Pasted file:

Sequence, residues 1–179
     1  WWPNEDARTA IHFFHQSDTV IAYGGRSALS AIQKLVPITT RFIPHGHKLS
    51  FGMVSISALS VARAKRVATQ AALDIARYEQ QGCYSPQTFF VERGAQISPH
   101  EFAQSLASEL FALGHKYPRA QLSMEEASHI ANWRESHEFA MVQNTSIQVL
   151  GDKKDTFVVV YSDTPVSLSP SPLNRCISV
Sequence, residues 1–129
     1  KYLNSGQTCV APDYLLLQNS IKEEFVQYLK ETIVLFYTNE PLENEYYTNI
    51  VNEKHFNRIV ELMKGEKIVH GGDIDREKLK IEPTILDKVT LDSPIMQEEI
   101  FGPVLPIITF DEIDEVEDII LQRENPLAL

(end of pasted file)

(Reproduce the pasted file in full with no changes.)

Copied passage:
Sequence, residues 1–179
     1  WWPNEDARTA IHFFHQSDTV IAYGGRSALS AIQKLVPITT RFIPHGHKLS
    51  FGMVSISALS VARAKRVATQ AALDIARYEQ QGCYSPQTFF VERGAQISPH
   101  EFAQSLASEL FALGHKYPRA QLSMEEASHI ANWRESHEFA MVQNTSIQVL
   151  GDKKDTFVVV YSDTPVSLSP SPLNRCISV
Sequence, residues 1–129
     1  KYLNSGQTCV APDYLLLQNS IKEEFVQYLK ETIVLFYTNE PLENEYYTNI
    51  VNEKHFNRIV ELMKGEKIVH GGDIDREKLK IEPTILDKVT LDSPIMQEEI
   101  FGPVLPIITF DEIDEVEDII LQRENPLAL